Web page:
In the below video, you can see me approach the blind roundabout on my mount pegs while moderating the speed with my rear calliper brake. I remark as I approach that a car already in the roundabout and passing in front of the car to my immediate right enabling me to join the the flow of traffic safely. So although I can’t see approaching traffic very clearly, logically I know that even were they, the car passing in front of vehicles to my right will block them for me.

Note that I don’t re-mount the saddle until I have a clear view of the traffic- and pedestrians- in front of me on the road I’m joining. Also note the perspective of the videographer joining the roundabout. This gives you a first-person perspective of the challenges of changing direction at a busy roundabout and why it’s so important that you master the skill of mounting & dismounting before venturing out on to busy roads.

How to approach a blind, busy juncture on a Penny-Farthing

Turning Right: Turning Across On-Coming Traffic

Here in the UK, turning RIGHT means passing in front of traffic in the opposite lane. It’s so important that you keep your head constantly swivelling and be prepared to halt if you cannot pass in front of on-coming traffic with a safe margin in front of approaching vehicles.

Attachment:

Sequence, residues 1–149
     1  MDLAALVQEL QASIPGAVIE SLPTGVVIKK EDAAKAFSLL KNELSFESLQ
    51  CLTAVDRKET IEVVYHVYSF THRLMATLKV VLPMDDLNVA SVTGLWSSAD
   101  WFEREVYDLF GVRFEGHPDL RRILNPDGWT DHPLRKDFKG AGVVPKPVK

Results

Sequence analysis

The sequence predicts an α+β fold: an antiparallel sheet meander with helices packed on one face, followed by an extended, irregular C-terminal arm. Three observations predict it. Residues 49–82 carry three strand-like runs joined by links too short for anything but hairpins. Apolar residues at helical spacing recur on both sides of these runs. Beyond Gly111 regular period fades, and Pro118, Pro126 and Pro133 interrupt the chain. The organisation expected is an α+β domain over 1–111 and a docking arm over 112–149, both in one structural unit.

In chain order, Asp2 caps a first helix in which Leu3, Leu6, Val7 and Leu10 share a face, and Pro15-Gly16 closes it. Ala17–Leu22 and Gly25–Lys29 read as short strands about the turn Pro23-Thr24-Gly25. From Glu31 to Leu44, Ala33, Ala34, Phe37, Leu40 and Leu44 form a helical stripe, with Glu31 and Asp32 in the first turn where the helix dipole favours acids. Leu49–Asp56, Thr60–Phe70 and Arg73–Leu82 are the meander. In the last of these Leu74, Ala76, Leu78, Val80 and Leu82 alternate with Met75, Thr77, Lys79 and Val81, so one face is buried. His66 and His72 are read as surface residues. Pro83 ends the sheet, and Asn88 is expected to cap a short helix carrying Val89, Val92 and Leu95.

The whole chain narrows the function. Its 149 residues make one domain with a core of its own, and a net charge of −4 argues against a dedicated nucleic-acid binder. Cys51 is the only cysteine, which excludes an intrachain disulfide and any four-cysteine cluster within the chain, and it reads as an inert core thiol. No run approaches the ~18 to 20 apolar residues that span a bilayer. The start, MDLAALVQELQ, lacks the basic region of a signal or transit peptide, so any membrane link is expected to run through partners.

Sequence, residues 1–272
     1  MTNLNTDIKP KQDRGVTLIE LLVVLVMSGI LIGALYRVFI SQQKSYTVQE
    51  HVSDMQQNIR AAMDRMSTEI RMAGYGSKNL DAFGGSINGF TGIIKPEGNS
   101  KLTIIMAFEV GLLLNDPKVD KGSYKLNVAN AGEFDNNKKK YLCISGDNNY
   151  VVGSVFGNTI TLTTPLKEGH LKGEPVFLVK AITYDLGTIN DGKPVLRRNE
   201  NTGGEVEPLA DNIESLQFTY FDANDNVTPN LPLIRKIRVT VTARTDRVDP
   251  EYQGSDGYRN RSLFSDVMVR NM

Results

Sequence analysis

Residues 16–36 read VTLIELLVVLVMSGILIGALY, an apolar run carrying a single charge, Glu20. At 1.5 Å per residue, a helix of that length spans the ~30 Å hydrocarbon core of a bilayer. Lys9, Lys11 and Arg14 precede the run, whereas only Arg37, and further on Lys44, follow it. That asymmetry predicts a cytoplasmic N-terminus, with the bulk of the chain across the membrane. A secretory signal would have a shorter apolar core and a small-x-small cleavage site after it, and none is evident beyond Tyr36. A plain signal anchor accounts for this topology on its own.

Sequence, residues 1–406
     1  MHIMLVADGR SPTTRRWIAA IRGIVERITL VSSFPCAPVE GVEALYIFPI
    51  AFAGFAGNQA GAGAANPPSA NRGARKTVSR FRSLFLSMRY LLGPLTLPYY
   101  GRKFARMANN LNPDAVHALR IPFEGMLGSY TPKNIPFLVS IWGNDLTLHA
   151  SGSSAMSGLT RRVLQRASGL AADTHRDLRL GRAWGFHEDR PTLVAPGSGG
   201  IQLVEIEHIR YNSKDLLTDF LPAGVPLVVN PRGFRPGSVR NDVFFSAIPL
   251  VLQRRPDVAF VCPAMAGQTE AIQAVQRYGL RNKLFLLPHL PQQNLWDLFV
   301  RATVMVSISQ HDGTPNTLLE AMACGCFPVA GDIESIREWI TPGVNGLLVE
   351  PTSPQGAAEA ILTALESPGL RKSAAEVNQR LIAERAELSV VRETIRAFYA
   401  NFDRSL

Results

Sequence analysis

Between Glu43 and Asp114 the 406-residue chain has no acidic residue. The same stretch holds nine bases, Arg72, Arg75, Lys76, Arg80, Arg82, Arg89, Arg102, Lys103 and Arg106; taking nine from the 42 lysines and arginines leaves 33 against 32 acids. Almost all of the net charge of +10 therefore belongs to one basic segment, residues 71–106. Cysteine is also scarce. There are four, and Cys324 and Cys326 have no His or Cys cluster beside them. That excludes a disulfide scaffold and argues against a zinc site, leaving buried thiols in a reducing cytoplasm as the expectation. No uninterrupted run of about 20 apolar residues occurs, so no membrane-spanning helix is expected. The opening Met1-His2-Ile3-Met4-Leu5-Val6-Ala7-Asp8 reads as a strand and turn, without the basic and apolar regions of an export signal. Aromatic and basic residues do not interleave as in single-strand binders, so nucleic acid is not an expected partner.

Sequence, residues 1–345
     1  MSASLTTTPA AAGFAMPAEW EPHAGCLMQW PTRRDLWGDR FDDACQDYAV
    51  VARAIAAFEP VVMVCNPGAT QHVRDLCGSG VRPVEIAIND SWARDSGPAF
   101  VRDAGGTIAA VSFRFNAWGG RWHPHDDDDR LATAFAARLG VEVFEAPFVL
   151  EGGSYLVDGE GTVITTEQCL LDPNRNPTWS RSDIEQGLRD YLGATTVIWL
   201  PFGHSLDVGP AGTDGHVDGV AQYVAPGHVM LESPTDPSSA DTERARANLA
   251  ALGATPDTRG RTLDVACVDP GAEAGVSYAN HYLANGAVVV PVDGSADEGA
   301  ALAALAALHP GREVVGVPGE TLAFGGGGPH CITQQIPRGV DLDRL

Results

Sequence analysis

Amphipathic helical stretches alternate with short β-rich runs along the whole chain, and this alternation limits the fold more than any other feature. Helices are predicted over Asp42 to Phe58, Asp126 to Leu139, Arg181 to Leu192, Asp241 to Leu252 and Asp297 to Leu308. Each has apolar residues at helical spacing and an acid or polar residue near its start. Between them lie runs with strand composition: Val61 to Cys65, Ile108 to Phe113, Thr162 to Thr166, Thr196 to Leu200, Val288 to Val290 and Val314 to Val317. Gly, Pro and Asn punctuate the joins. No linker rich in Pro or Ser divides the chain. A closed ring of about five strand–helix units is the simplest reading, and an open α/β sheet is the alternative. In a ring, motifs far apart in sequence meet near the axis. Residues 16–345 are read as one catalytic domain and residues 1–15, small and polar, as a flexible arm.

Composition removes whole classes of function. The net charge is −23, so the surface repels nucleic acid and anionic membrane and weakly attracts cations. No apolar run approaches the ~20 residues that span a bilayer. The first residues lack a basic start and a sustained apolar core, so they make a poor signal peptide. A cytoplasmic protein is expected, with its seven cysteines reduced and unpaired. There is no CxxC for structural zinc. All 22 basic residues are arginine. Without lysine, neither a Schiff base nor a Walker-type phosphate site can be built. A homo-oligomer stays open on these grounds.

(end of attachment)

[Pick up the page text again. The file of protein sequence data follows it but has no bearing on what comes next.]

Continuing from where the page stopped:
Turning Left: Your Ace-in-the Hole

Let’s say you do everything right: you moderate your speed, you swivel your head constantly assessing the road & sidewalks for hazards and it looks OK to enter the roundabout or juncture and then some speeding lunatic appears. What do you do?

If a speeding motorist will make it unsafe to pass through a juncture or enter a roundabout, check nobody- even fellow cyclists- are passing on your inside and guide tightly to the edge of the road allowing you to turn left to avoid passing in front of the approaching motorist. It’s obviously better to make a complete halt, but if we’re on the cusp of entering the juncture when Mr. Speeding Lunatic Guy changed the dynamics, turning left is now the least bad option. Just reverse direction at the next roundabout and continue on your intended path.

BUT: Turning left is only possible if there are no pedestrians, wheelchairs or blind folks who look like they’re about to cross in front of us when turning! Always monitor the sidewalk when approaching a juncture or roundabout!